“There are lots of people who attend church. There is no church on the other side [Wolwerivier]. There is also no garden for chickens and goats,” says Jonga.
The Jongas have been told that they have to apply for permission to put up a church in Wolwerivier and if this is successful there is still the question of who will pay for the church and how the different faiths will share the space.
Jonga currently lives with eight people and her family will have the “possibility” of receiving two houses in Wolwerivier. If this happens, four people will be sleeping in a single room. If they do not receive two homes, the eight of them will have to squeeze into one single roomed house.
In Skandaalkamp, Jonga’s home is a shack split into several rooms, all meticulously tidy. The yard is neatly swept and there is a small garden where vegetables used to grow, until she decided not to replant because she believed that the move to Wolwerivier was imminent already in December last year. Six months later, she is still in Skandaalkamp and there are no vegetables to be seen.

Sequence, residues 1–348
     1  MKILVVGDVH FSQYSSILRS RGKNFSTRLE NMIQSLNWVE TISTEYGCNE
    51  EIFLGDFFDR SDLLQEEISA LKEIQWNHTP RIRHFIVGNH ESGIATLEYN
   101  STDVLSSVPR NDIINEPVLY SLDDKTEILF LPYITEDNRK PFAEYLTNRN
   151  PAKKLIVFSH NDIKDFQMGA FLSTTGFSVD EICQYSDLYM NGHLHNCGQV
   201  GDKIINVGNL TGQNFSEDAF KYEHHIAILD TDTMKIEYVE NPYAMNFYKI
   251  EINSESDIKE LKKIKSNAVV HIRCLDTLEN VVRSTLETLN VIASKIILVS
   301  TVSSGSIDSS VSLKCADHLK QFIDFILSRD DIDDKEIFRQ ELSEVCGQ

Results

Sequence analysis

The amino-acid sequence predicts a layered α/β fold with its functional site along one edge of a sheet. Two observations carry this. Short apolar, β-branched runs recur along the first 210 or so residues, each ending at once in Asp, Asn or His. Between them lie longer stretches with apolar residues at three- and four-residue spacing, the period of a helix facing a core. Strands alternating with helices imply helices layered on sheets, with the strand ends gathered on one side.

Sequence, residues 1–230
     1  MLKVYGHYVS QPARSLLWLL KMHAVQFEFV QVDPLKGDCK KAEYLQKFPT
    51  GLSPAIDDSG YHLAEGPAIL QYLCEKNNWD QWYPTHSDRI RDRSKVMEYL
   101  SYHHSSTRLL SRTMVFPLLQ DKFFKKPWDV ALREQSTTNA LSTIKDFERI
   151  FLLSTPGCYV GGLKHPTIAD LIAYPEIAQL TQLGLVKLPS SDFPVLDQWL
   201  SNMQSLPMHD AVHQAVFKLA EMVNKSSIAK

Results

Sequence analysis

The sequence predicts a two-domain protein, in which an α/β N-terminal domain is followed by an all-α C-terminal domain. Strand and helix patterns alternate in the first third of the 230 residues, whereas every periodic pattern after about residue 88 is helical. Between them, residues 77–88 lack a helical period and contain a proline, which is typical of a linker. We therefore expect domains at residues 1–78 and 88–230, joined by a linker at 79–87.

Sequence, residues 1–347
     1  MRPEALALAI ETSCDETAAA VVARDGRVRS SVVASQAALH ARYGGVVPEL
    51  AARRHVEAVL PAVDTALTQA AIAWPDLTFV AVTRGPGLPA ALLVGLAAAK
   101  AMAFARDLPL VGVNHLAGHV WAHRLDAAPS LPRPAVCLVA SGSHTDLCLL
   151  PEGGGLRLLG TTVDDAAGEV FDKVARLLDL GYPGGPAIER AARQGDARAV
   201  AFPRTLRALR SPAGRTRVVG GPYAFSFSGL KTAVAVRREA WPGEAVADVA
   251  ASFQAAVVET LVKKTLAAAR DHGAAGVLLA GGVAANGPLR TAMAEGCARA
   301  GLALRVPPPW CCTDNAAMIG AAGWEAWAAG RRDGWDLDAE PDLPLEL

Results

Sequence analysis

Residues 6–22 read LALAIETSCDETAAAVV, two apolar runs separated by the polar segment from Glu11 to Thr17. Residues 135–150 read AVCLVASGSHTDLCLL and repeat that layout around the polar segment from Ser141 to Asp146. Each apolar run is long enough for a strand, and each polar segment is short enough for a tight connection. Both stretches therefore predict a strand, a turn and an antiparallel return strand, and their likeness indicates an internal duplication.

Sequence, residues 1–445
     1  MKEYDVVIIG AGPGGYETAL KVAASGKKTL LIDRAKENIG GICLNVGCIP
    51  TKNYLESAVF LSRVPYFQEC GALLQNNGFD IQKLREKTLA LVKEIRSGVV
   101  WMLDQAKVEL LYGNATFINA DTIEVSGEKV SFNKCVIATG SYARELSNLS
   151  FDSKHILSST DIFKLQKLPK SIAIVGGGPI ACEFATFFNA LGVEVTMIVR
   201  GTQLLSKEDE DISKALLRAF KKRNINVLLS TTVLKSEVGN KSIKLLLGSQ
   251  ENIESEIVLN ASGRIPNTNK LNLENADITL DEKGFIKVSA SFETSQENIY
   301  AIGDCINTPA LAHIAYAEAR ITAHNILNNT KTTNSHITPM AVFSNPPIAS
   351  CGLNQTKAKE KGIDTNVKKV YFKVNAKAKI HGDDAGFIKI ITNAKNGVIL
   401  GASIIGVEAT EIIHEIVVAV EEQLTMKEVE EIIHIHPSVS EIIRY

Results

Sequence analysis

A short walk away, Micheala Dick hangs up washing outside her parent’s home. There is no space for washing lines such as those outside the houses in Wolwerivier. Dick is in matric this year and lived as a boarder in a neighbour’s house. She has been told that she is not on the lists to move into Wolwerivier because there is an issue with her being a boarder and her shack is not actually hers.
“I don’t know. I don’t have a place that side”, says Dick.
Frank Peterson says that he is uncertain about the move. Peterson works part time as a plumber and has lived in Skandaalkamp for eight years. The fact that Wolwerivier is even further away from job opportunities and the small size of the houses concerns him.
Van Minnen says that work opportunities will not be impacted as the residents are being relocated no more than a few kilometres from their original settlement.
Peterson says that he has seen the exterior of the houses at Wolwerivier but hasn’t been inside one. He has heard that they are very small units. The City only afforded the community leaders the opportunity to view the new development.